In her review of my book The Modern Myths in the New York Times Review of Books, Sophie Gee asks why “post-Enlightenment Anglophone tales are so obsessed with themes of domination, self-reliance, privilege and supremacy.” Of the “myths of individual power and mastery” that I consider, and which “still exert a significant hold in the mainstream imagination and culture”, she asks: “whose voices have they overlooked?”
These are excellent questions. I don’t pretend to have comprehensive answers, but an interrogation of them is one of the key themes of my book.
“Themes of domination, self-reliance, privilege and supremacy” are, as I explain, nowhere more apparent than in the first of the modern myths I consider in detail: Robinson Crusoe. In many ways this tale was Defoe’s justification for the then-burgeoning colonialist project: it was written to appeal to the merchant middle classes whose rising wealth and aspirations often depended on colonial trade. James Joyce had the measure of Crusoe, calling him
the true prototype of the British colonist, as Friday… is the symbol of the subject races. The whole Anglo-Saxon spirit is in Crusoe: the manly independence; the unconscious cruelty; the persistence; the slow yet efficient intelligence; the sexual apathy; the practical, well-balanced religiousness; the calculating taciturnity.
As I write in The Modern Myths, “The microcosmic society that Crusoe constructs on his island can be read as a miniature version of the sovereignty that, in Defoe’s view, the British ought to enjoy.” Crusoe is a slave-owner, growing rich from his plantations; I say that his attitude “fits with the sense of entitlement and hierarchy that, for Defoe and most of his contemporaries, rendered European imperialism unproblematic.” His story shows its readers “how an Englishman responds to adversity: with the mental, moral and intellectual resources that his superior breeding has conferred on him.” Crusoe is, in short, an apologia for empire. (Of course, it is much more than that, but that is one of its key functions not just for its contemporaneous readers but throughout the nineteenth century too.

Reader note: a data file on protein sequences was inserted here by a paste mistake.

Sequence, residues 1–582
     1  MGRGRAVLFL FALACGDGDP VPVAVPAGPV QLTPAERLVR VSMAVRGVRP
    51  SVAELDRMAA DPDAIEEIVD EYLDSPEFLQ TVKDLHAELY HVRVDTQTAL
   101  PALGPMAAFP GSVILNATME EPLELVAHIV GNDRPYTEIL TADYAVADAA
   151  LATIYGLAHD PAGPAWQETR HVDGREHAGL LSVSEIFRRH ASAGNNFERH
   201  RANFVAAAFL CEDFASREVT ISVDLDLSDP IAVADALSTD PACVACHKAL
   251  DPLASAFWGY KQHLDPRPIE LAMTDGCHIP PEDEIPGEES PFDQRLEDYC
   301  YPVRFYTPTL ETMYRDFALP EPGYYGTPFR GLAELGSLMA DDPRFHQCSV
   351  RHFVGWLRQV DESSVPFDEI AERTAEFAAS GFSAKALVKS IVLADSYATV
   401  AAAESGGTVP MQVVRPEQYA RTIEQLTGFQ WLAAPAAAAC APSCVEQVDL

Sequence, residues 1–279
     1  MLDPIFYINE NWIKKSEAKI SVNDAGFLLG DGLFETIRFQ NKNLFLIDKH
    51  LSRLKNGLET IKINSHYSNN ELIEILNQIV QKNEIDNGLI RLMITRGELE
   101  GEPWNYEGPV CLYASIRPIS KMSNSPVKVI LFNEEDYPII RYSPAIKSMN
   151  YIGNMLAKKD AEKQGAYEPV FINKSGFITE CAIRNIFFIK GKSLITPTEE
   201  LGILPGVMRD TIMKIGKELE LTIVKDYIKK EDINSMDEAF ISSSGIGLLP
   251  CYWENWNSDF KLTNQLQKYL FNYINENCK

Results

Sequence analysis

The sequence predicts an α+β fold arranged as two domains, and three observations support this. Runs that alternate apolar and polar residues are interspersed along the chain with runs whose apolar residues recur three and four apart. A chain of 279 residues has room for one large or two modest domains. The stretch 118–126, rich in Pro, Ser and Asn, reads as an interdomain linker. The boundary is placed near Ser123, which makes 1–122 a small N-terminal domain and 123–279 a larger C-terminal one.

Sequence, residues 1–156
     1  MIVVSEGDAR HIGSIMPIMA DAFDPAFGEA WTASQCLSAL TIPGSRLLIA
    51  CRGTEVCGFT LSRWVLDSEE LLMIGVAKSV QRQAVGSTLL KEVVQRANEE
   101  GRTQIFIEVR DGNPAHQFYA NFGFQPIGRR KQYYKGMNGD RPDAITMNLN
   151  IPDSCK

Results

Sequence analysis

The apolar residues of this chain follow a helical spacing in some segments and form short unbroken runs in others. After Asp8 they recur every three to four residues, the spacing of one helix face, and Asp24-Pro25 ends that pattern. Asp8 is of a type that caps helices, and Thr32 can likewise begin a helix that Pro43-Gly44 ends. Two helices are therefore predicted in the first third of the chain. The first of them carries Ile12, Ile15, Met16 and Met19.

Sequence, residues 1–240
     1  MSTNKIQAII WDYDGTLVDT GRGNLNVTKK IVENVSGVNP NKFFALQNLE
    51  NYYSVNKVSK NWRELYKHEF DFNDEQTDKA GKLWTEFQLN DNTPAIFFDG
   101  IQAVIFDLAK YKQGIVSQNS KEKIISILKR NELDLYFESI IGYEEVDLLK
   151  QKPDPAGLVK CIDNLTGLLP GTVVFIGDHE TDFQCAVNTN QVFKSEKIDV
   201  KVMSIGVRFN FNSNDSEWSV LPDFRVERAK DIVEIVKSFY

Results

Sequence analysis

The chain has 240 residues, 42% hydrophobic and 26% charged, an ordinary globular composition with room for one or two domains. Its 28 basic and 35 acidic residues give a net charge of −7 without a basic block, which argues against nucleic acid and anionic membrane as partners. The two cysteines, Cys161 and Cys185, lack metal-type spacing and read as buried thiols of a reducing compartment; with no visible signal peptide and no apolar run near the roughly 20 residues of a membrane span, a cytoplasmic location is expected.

Themes of Anglophone domination and supremacy recur in many of these myths. As I explain, Dracula is in some ways a supernatural recasting of the late-Victorian invasion literature: a decadent foreigner comes to England to exploit and prey on its people, only to be repulsed by the steadfast and noble spirit of a band of (mostly English) Westerners. Sherlock Holmes and his doughty assistant Watson pit English decency and ingenuity against innately corrupt foreign criminals. Over the late Victorian myths in particular hangs the fear of degeneration expressed in Max Nordau’s 1892 book. If, as I suggest, myths attain that status because they are good vehicles for prevailing cultural anxieties, the Anglophone anxieties of the fin de siècle were partly about the fragility of empire and the need to assert a pseudo-Darwinian superiority over “lower races”.